The San Francisco area has the most poorly maintained roads in the United States, according to a 2018 report by TRIP, a transportation research group based out of Washington, D.C. 71% of roads in the area are in “poor” condition, according to TRIP, who says the average motorist in the area loses $1,049 per year as a result of the poor road conditions. Poorly maintained roads can lead to dangerous roadway conditions, which can lead to traffic accidents. The governmental agencies responsible for maintaining our roads can be held liable for injuries resulting from traffic accidents caused by dangerous roadway conditions.

What Kinds Of Dangerous Roadway Conditions Can Agencies Be Held Responsible For?

Governmental agencies can be held liable for dangerous roadway conditions if they are found to be negligent. Negligence in an injury case means that a defendant should have exercised reasonable caution to prevent a plaintiff from being injured, did not, and a plaintiff was injured because the defendant did not exercise said reasonable caution. Dangerous roadway conditions that governmental agencies can be held liable for include:

• Potholes and cracks in the road which can cause drivers to lose control of their cars;

• Guardrail issues on ditches, overpasses or sharp curves;

• Road signs which have fallen or are hidden;

• Highways without rumble strips;

• A lack of necessary warning signs;

• Overpass or bridge damage;

• Not enough traffic control in construction zones, such as cones, proper marking, etc.

• Dangerous curves;

• Inadequate lighting;

• Faded lane markings;

• Stop light malfunctions;

• Road flooding caused by clogged drains.

Governmental agencies can be held liable for these dangerous roadway conditions when these conditions are the result of poor construction, poor road planning and design or their failure to repair and maintain the road.

Can I Sue Whoever Is Responsible?

The governmental agencies responsible for maintaining our roads generally possess immunity from lawsuits. However, negligence is an exception to this immunity, so you can sue whoever is responsible for your injuries if they were negligent. The negligence must be “gross” (i.e. extremely negligent) in some cases for a lawsuit to proceed, however, and in some cases insurance must be present to cover the lawsuit. The exact circumstances under which one can and cannot sue governmental agencies for dangerous roadway conditions vary from state to state.

Motorists must file dangerous roadway condition lawsuits within the statute of limitations, which is typically short for this type of accident. Most states’ statute of limitations for these kinds of cases are six months to two years; California’s is six months. This means that it’s wise to contact an experienced personal injury lawyer as soon as possible after your accident to ensure you never run afoul of the statute of limitations.

A Governmental Agency Was Negligent. What Now?

It can be difficult to identify the party responsible for a dangerous roadway condition. Multiple governmental agencies can be responsible for maintaining different parts of the same road, and sometimes a dangerous roadway condition is the fault of subcontractors working for the government. It can also be difficult to prove that not only was a governmental agency at fault for a dangerous roadway condition, but that the condition was responsible for your injuries as well. These difficulties mean that it is wise for you to contact an experienced personal injury attorney if you’ve been injured as a result of a dangerous roadway condition.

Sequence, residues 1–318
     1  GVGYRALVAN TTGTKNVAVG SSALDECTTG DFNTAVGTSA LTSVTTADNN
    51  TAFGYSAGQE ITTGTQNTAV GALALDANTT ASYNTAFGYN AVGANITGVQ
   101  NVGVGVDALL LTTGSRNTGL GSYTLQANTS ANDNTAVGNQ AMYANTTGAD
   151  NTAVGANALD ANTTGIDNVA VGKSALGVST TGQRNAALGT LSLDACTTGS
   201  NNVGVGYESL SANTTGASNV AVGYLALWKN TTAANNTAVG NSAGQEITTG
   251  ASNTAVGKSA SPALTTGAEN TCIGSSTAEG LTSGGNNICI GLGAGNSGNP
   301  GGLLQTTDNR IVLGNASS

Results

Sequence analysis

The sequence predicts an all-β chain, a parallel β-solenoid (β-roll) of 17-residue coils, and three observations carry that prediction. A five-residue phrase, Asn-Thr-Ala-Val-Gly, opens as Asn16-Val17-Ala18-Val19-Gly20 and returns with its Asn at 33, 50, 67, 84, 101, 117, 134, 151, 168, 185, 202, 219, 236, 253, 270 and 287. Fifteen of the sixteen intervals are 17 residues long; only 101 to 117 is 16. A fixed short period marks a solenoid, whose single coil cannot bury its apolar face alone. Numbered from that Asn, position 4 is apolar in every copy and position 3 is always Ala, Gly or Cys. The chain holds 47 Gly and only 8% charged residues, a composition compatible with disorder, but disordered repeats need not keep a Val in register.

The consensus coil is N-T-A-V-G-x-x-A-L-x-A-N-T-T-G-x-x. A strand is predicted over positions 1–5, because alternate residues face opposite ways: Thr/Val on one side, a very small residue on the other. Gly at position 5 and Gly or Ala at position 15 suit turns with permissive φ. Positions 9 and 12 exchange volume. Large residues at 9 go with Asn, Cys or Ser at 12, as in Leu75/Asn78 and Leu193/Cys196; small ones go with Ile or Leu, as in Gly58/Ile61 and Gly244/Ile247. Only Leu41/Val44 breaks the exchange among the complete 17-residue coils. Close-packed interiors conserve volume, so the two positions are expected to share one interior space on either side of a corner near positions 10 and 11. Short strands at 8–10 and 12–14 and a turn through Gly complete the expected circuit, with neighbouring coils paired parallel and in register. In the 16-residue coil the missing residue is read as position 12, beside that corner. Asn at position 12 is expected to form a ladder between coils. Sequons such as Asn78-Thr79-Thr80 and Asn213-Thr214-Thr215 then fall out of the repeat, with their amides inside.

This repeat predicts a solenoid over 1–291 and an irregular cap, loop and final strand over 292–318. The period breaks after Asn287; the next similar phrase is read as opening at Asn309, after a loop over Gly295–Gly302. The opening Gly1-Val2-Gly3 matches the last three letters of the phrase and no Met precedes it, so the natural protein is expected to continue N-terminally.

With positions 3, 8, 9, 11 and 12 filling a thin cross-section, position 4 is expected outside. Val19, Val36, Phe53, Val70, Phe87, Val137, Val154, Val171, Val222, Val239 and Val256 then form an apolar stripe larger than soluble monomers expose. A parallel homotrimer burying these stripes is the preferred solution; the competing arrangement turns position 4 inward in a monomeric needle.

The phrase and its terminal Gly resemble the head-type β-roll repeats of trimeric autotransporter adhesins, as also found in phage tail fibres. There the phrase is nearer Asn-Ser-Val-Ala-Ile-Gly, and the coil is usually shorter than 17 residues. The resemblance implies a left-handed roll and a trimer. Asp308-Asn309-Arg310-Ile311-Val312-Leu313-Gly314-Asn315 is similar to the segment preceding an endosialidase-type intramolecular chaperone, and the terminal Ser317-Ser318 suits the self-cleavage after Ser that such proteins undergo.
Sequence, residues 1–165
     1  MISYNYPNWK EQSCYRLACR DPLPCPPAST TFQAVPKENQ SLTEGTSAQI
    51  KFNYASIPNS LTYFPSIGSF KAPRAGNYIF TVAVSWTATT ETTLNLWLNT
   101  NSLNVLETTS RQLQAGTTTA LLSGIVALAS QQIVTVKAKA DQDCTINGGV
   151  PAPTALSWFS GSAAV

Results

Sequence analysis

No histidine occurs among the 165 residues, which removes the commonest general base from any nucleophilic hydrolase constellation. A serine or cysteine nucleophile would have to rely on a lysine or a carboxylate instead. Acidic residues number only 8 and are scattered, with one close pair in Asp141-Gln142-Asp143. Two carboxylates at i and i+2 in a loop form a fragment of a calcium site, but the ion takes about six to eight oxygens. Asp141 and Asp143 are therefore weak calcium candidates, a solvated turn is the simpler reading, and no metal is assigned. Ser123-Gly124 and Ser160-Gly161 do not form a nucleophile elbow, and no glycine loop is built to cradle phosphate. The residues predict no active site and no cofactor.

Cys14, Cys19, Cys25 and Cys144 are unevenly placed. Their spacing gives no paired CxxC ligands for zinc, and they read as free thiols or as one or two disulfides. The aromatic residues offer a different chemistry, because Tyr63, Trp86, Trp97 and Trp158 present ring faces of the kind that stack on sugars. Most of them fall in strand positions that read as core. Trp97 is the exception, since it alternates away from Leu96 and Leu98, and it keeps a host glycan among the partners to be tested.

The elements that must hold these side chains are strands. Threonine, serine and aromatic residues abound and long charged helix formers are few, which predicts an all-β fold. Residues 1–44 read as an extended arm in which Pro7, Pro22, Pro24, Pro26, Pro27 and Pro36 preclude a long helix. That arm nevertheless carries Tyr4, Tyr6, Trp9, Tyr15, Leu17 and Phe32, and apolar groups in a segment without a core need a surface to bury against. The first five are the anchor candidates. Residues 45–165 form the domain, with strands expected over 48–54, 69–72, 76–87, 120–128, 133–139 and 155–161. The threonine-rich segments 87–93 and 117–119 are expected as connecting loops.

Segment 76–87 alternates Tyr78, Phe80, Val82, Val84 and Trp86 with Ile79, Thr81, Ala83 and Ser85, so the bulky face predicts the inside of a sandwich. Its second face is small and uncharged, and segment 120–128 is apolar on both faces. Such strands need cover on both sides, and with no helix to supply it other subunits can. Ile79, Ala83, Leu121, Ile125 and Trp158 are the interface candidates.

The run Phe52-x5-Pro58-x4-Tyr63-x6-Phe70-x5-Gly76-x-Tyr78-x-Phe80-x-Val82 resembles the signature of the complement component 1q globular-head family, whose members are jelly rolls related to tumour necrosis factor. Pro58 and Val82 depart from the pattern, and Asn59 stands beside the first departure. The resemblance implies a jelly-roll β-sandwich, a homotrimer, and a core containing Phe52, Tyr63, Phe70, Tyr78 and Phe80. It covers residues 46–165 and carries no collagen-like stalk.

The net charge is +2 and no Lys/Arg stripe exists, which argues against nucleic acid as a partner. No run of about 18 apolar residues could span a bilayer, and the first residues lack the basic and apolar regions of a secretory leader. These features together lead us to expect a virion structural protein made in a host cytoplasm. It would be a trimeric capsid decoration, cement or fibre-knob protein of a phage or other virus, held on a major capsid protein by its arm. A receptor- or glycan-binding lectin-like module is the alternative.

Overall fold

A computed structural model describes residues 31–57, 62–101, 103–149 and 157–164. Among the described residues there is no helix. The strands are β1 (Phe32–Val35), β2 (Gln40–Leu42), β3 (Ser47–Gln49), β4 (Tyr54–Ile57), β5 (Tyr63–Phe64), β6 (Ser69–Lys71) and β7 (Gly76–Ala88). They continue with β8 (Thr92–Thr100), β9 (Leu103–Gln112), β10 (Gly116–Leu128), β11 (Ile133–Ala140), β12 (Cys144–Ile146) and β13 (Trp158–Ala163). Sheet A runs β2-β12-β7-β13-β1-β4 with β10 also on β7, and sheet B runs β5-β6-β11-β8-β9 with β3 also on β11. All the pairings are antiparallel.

Experienced personal injury lawyers can do the following for you to ensure you receive financial compensation for your injuries:

• Collect witness reports;

• Collect police reports;

• Prepare you for testimony, if needed;

• Collect accident photos and other accident evidence;

• Collect survey records, which can show the government was aware of or should have been aware of the dangerous condition;

• Collect medical records as evidence of damages;

• Collect vehicle repair reports as evidence of damages;

• Discover and present government knowledge of the condition;

• Hire expert accident reconstruction witnesses who can prove that your accident and injuries were caused by a dangerous roadway condition;

• Negotiate with insurance companies to obtain you a settlement.

You should collect as much witness information as possible immediately after the accident if you don’t require immediate medical attention. Do not discuss the accident with witnesses, though; only ask them questions. You don’t want to say anything to them which can be used against you later.

You should take photos of the accident scene immediately after the accident if you can. Take photos from up close which show important details, as well as photos from far away which provide important context.

Do not talk to the insurance company of whoever is responsible for your injuries. They are trained to manipulate you into saying things that they can use to pay you less or not pay you at all. Let your lawyer do all the talking with the insurance companies.

Author's Bio: 

Jeffrey Nadrich, Esq. is the founder and managing partner of Nadrich & Cohen, LLP, a California personal injury law firm with offices in Los Angeles, San Francisco, Fresno, Modesto and Tracy. His firm has recovered over $350,000,000 for its clients since it was founded in 1990. He has successfully represented San Francisco residents and victims of dangerous roadway conditions for decades.